In 1961, President John F. Kennedy challenged the United States to do the unthinkable, to literally defy reality by putting a man on the moon. Through his vision and ambition to see beyond the moment and into the future, Kennedy taught us that anything is possible with a little bit of vision and planning. At Marxent, we use the same “impossible dream” philosophy when developing agile product roadmaps for our clients: Live in the now, always work to deadlines and immediate business needs, leave room for learning and iteration while always keeping our eyes on the impossible future.
An agile product roadmap is a tool for planning and communicating about how a project will evolve over time, while accounting for learnings and change. Product roadmaps can take many different forms, but the elements that make them most useful are clear measurable goals, communication with key stakeholders, alignment with broader company objectives, and built in time for learning. Here are the seven most important elements that go into creating a useful, flexible product roadmap
Every project needs a visionary or project champion within the organization. This visionary can provide the direction and invest in the challenge. Like sending a man to the moon, every project requires an investment of people, ideas, time, and resources. The right crew and support teams are also critical – Neil Armstrong would never have walked on the moon without contributions from a large and committed team. A product roadmap team typically includes the visionary, business stakeholders, end-users, the product owner, designers, and developers who truly believe in the vision.
Good products are based on assumptions; great products are built on nitty-gritty details. Every bolt of the rocket that landed Neil Armstrong on the moon was inspected prior to launch and this attention to detail makes or breaks a product. At Marxent we approach each project with an attention to detail and an eye to best practices and industry trends. We also take time to understand key audiences and listen to their needs. What if the engineers hadn’t researched the unique nutritional requirements and eating habits of astronauts in space? Aside from not having astronaut ice cream, the reality of food deprivation in orbit might have put the entire mission in jeopardy. Careful research and active listening are hallmarks of good roadmaps and are preventative. Know the needs to succeed.
Develop the right flight plan and get buy-in. Every single mission had a detailed flight plan which had been reviewed and approved by everyone from top brass to the engineers. It was a living document used on a daily basis for every decision. This is the same with product development. A product without a clear roadmap will stay on paper and never become a reality. Constant communication helps to set priorities and ease anxiety on the end product. Successful projects are built on the intersection of planning, collaboration and communication.
Room for iteration is the backbone of all great product roadmaps. The race to space didn’t start with a single shot straight to the moon; there was a progression by testing every piece individually and working to longer missions as a whole. We use this process to allow for better user experience and it creates realistic deadlines. The scalable nature of the iterative process reveals places where we can add more value to the product or strip away bloat, depending on the need and priority to the business. This process builds confidence in the team, allowing them to build and design without distraction, resulting in quality-focused work.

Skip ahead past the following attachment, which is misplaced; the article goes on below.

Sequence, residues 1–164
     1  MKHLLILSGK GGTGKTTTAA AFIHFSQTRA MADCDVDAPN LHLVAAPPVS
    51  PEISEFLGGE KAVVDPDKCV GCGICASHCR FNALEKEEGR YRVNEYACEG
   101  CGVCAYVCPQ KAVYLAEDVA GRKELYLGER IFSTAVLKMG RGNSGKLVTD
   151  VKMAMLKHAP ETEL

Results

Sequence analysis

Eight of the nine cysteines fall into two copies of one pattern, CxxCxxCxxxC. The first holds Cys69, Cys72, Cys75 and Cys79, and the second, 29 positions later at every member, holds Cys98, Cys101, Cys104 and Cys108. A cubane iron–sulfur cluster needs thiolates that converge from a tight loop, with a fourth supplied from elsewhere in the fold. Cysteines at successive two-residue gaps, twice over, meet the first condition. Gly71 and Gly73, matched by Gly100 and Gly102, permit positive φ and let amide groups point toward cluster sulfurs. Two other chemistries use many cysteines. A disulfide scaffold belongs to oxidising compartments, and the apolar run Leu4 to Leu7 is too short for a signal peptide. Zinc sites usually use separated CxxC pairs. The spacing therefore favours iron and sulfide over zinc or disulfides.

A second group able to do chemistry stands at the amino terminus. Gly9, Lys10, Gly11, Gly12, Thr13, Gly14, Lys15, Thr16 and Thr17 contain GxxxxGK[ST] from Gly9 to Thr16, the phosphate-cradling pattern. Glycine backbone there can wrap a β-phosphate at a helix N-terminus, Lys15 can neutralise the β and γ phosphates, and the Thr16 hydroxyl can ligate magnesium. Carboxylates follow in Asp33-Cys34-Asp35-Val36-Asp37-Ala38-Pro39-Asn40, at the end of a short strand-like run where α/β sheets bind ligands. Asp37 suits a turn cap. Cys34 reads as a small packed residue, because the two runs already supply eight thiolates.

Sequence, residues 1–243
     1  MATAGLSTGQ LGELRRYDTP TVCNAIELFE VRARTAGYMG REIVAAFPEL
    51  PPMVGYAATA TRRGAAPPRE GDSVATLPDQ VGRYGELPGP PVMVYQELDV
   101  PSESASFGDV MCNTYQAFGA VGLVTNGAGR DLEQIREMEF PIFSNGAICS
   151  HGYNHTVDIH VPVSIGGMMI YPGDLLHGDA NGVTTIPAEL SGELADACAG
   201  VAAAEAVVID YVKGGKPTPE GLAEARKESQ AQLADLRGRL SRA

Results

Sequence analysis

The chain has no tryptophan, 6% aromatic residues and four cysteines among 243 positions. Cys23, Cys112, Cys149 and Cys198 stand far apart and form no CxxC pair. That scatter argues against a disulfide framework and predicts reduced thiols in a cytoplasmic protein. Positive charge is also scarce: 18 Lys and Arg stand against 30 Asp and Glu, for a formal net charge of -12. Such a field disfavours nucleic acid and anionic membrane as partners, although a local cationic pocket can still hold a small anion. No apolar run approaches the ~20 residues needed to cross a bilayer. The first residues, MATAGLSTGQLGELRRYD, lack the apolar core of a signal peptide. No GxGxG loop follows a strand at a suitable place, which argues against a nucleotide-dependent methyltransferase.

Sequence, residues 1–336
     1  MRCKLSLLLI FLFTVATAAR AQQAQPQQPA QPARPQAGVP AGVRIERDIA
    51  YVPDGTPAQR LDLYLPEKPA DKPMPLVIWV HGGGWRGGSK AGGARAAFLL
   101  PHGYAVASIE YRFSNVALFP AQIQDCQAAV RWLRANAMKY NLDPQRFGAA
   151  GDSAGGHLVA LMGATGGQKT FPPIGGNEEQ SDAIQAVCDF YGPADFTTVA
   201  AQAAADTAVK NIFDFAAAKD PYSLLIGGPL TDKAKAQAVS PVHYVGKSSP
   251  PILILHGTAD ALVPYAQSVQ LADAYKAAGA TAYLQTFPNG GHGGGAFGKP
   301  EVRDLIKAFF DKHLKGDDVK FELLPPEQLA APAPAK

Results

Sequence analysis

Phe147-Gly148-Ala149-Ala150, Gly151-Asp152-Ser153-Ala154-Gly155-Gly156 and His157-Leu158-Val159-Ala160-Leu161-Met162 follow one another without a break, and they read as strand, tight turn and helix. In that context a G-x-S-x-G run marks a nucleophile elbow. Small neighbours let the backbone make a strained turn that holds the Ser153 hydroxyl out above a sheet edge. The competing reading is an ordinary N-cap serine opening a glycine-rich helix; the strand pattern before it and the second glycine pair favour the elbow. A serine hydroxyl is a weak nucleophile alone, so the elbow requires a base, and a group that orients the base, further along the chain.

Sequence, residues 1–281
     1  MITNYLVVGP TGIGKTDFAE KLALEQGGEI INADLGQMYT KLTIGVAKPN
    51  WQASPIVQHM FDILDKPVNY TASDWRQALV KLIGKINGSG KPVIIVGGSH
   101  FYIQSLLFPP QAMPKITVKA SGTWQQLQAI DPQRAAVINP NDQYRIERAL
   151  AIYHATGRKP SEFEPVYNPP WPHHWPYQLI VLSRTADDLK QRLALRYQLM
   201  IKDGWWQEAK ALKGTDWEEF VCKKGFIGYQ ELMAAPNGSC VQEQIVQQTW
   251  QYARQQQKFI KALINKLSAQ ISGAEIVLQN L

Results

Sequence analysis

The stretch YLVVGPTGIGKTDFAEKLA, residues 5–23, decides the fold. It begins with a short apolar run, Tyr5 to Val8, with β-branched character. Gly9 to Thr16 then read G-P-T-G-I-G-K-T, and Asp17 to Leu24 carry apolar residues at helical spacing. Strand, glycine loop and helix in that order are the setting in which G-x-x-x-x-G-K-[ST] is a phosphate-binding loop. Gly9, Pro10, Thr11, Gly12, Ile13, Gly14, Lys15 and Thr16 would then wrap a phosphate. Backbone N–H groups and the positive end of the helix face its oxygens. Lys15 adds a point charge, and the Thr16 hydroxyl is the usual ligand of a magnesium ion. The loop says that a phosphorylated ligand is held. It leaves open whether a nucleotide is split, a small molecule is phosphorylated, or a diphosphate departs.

Set a launch date and stick to it. A product roadmap with appropriate deadlines is mission critical. It is important to set attainable goals and stick to them, even if they extend to the next release cycle. With an eye to the future, bold ideas and innovative plans don’t get forgotten and sacrificed to a deadline but instead become the next benchmark to a better product. The whole process provides everyone involved with a positive and successful design experience.
Track the progress and course correct often. In space, data tracking is king. From astronaut health to correct course navigation, data helps mission control determine success or failures in the system. The same is true in product roadmap planning; tracking progress helps determine the health of the product life cycle. From analytics to user experience research, the product gets better with each release because data is validating and confirming the decisions made during the roadmap planning process.
Without passion to launch and grow a product, all efforts will fall flat. The most successful products will fail if passion and vision aren’t at the center of a product roadmap. Great products are built on passion, belief in an idea and a team that shares the vision. If the team leader or others on the team don’t feel excited or passionate about the product, take a step back and figure out what’s missing before building big plans.
Jessi Sparks is an awarding winning user experience designer. She spent the bulk of her career in higher education and now loves working at Marxent. She loves to nit pick, bits and bites and finds wireframes and post-its are her best friends when it comes to UX tools of the trade.
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